Friday, June 24, 2011

"Queen of the Black Coast" by Robert E. Howard

Source: SFFaudio podcast (mp3)
Length: 1 hr, 20 min
Reader: Gary Kobler

The story: Long before the upcoming Conan the Barbarian movie or even the Arnold Schwarzenegger classic, Robert E. Howard created the character of Conan. This original Conan was an inversion of the classic primal vs. civilized conflict. While most stories champion civilization over red-toothed nature, Howard saw in the Wall Street collapses of his time that civilization could be the corrupt one and savagery be more noble. Conan is unashamedly barbaric in his drinking, womanizing, and violence, but the civilizations he is pitted against have rotted from their own decadence. Conan, at least, is strong enough to stand by his own warrior ethic.

In this classic story, Conan escapes a courtroom where he's asked to go against this personal code. He joins up with a merchant headed for Kush, who is overhauled by pirates. The notorious and beautiful pirate captain Belit lusts after Conan and spares his life. Together, they journey up a river to loot the treasures of a fallen empire and learn the story of its decay. Even if you're not a fan of medieval fantasy, this is a great introduction to the philosophy of Conan.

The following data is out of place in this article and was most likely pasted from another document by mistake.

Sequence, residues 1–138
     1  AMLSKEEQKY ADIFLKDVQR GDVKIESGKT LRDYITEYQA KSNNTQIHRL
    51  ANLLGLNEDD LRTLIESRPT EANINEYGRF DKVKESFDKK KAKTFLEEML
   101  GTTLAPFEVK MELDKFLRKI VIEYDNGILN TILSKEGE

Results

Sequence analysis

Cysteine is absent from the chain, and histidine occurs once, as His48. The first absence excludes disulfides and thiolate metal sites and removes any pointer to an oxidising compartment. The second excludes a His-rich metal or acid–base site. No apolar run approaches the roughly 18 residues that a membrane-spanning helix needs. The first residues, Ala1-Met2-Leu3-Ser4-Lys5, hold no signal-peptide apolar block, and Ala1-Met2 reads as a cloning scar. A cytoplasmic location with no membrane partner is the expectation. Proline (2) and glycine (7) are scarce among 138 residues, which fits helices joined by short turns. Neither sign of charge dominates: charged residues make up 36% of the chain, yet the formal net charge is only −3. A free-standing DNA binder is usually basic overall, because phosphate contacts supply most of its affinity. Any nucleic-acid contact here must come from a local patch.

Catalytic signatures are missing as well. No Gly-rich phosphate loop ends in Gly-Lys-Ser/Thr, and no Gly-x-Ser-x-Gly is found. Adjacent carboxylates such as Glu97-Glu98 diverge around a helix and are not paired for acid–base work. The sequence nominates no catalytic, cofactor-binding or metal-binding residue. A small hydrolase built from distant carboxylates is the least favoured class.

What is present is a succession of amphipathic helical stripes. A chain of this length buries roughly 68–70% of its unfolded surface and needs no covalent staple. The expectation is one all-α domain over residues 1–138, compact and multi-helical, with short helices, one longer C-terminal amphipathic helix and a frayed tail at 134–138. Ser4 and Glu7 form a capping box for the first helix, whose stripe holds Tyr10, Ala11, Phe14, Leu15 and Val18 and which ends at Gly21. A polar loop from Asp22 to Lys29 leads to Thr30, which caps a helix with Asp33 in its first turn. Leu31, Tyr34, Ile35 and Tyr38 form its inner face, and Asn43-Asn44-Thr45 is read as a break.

Note: This story contains adult themes and may not be suitable for children.

Rating: 8 / 10

The reader: Kobler is a professional narrator who performs this story for the Audio Realms edition of People of the Dark: The Weird Works of R.E. Howard Vol 2. Thanks go out to the publisher and SFFaudio for making this full-length story available for free. Kobler does an excellent job of capturing the excitement and suspense of Howard's writing. His voicing of Conan is a bit cartoonish, but it fits the pulpy nature of the hero. One of the weaknesses of Howard's writing is his tendency to use stereotypes for minor characters; this is reflected in Kobler's broad accents for the supporting cast. The recording itself is well-produced and professionally made.

(Image copyright Marvel Comics. Incidental use for criticism falls under the Fair Use provision.)

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